Involvement with GroW Garden does not end in the soil, though. In 2013 there was an exhibit at Gallery 102 featuring a “Slow Food Photography” class’ projects, one being the transition from winter to spring at GroW Garden. An entire section was dedicated to pictures of the garden, garden volunteers, and an interview with the garden manager. GroW is also represented on the Urban Food Task Force. The Urban Food Task Force is a group of staff, faculty, and students led by Diane Knapp, a dietitian and GW President Knapp's wife, to support sustainable and healthy food projects throughout the community, including Food Day, the School Without Walls Integrated Food Project, and the GW Food Expo. Student Haley Burns, the garden manager for the spring 2013 semester, also spoke to GW Faculty Phyllis Palmer’s Food Politics class about urban farming and to residents at senior living center St. Mary’s Court about environmental health within the food system. Finally, GroW has been used as a drop-off site for a local Community Supported Agriculture group that involved 30 community members, encouraging awareness of local and in-season food as participants utilized their farm shares.
GW is also involved in the Washington, D.C. Green Ribbon Committee, which advises Mayor Gray on the development of his Sustainable DC initiative by offering input on vision, goals, actions, and indicators recommended by the public and the working groups. The Green Ribbon Committee provides a national and international point of view on the plan, as well as reaches out to communities within the District that have not traditionally been part of sustainability planning.
The Green Ribbon Committee has helped develop an aspirational vision for a vital and sustainable future, and provide valuable feedback on recommendations from working groups made up of District staff, subject matter experts and the public. The Committee also supports implementation of the plan and achieving Mayor Gray’s goal of making the District of Columbia the most sustainable city in the nation.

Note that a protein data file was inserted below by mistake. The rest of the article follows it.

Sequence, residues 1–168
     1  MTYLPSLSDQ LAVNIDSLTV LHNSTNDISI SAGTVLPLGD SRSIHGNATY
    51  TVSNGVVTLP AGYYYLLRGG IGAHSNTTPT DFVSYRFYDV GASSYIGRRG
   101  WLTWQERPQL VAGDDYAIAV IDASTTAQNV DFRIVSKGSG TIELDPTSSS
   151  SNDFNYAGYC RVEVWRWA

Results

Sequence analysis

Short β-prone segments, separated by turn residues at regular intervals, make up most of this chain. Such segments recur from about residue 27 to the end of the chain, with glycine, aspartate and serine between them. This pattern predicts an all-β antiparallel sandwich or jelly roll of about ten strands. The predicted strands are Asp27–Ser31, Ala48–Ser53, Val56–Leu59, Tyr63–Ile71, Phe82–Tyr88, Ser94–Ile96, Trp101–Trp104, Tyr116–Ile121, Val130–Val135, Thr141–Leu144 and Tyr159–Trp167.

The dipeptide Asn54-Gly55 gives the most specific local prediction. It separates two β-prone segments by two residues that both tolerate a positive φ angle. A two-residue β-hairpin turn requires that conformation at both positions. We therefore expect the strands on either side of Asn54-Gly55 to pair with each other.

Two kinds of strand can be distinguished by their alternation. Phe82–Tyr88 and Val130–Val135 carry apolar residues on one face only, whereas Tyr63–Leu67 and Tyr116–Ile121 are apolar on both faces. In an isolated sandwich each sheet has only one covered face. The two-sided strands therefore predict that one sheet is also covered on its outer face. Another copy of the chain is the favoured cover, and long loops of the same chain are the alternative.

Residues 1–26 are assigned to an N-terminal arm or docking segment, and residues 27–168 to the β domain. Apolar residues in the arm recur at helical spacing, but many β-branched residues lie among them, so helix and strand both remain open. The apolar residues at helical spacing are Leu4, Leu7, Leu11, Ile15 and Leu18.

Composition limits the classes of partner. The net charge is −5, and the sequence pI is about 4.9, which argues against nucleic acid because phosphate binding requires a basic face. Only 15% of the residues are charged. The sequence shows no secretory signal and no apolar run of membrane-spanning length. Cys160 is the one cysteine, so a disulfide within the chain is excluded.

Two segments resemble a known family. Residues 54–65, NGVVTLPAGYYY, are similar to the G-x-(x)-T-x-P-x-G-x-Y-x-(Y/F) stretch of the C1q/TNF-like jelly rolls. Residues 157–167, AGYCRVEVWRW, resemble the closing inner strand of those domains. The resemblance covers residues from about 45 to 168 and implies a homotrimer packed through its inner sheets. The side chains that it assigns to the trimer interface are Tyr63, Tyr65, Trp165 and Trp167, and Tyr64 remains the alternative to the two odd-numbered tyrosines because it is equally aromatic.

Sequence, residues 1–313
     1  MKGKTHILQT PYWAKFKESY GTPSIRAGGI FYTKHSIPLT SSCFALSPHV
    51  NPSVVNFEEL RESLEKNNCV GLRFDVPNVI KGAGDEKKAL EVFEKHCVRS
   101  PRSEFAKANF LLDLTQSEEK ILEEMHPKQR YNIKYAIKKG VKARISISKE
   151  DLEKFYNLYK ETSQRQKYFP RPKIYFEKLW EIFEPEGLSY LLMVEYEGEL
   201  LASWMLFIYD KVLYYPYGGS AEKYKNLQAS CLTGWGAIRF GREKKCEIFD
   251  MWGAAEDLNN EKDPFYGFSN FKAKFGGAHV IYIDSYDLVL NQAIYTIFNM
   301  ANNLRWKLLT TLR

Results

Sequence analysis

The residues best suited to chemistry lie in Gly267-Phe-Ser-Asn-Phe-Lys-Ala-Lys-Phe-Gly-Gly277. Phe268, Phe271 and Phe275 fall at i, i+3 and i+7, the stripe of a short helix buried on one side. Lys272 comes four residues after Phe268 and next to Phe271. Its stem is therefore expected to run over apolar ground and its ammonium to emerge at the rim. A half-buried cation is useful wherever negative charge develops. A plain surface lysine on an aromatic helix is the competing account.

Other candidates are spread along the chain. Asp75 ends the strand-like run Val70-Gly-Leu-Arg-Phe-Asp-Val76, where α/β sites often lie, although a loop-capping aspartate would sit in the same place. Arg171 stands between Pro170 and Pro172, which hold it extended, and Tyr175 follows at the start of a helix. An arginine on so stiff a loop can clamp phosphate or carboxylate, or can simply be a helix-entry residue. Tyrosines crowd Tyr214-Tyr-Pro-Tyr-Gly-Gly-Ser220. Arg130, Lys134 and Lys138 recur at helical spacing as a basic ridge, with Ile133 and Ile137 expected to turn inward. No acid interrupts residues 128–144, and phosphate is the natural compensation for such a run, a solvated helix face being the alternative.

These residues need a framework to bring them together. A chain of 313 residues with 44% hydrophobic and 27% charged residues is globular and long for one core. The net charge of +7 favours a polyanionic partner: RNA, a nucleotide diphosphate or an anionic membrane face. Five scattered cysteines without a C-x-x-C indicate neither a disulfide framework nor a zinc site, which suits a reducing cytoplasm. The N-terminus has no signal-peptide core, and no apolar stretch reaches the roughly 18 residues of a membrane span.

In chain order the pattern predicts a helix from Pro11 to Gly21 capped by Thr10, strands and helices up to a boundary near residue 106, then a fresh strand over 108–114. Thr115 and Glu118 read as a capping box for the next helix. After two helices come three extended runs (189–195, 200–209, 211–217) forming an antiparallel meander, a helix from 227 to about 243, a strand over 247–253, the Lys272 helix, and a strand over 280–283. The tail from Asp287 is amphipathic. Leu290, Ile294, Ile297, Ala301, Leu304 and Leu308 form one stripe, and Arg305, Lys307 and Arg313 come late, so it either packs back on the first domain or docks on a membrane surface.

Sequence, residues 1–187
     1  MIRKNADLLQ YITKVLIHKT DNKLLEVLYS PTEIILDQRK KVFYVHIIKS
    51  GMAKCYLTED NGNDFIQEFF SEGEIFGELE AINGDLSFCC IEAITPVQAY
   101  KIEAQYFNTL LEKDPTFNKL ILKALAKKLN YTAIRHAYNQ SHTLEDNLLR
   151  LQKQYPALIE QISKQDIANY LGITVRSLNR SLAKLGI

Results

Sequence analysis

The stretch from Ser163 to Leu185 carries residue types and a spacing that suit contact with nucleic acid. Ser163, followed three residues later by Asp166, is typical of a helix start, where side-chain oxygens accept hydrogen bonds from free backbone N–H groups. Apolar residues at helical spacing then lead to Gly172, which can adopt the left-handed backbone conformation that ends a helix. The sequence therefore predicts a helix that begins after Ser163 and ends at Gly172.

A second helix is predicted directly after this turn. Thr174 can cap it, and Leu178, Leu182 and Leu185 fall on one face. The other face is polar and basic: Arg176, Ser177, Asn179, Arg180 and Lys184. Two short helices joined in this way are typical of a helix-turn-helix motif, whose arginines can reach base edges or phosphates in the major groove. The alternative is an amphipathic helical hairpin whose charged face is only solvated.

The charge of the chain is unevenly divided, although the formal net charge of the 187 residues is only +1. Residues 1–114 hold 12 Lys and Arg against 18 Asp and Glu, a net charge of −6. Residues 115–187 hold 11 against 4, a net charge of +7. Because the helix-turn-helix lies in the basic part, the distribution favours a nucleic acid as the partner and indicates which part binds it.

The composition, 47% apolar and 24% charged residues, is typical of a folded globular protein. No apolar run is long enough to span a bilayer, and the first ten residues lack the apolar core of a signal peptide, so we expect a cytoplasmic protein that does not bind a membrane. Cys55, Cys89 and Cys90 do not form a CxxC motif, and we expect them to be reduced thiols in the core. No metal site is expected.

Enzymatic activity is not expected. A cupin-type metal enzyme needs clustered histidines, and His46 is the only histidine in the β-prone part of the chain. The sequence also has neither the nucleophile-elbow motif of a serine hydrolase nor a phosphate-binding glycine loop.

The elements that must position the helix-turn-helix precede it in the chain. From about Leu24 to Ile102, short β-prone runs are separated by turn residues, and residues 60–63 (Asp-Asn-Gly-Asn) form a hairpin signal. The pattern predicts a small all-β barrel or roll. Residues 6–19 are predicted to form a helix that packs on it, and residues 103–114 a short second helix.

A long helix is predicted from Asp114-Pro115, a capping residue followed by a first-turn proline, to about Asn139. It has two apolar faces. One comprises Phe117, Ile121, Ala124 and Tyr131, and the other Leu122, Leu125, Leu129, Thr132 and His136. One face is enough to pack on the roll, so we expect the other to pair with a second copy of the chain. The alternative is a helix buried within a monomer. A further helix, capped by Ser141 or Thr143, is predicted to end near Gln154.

The committee is made up of District leaders from universities, non-profits, businesses, think tanks, and members of the community. President Knapp and Professor Kathleen Merrigan (Executive Director of GW Sustainability Institute) serve on this committee, with staff support from Meghan Chapple (Director, Office of Sustainability).
GW was also integral in the development of The District of Columbia Mayor’s College and University Sustainability Pledge (CUSP), which invites the District’s institutions of higher education to commit to pursuing sustainability as engaged participants in the Mayor’s ambitious goal of making the District of Columbia the most sustainable city in America. The CUSP recognizes the critical leadership role of the District’s colleges and universities in advancing sustainability on campus and in the community. GW staff were instrumental in creating this pledge, and continue to help build the momentum and impact among and between the CUSP members through on-the-ground projects such as compost and renewable energy, as well as regular meetings to share best practices.
The information presented here is self-reported. While AASHE
staff review portions of all STARS reports and institutions are welcome to seek additional forms of review, the data in STARS reports are not verified by AASHE. If you believe any of this information is erroneous or inconsistent with credit criteria, please review the process for inquiring about the information reported by an institution and complete the Data Inquiry Form.
The information presented here is self-reported. While AASHE staff review portions of all STARS reports and institutions are welcome to seek additional forms of review, the data in STARS reports are not verified by AASHE. If you believe any of this information is erroneous or inconsistent with credit criteria, please review the process for inquiring about the information reported by an institution and complete the Data Inquiry Form.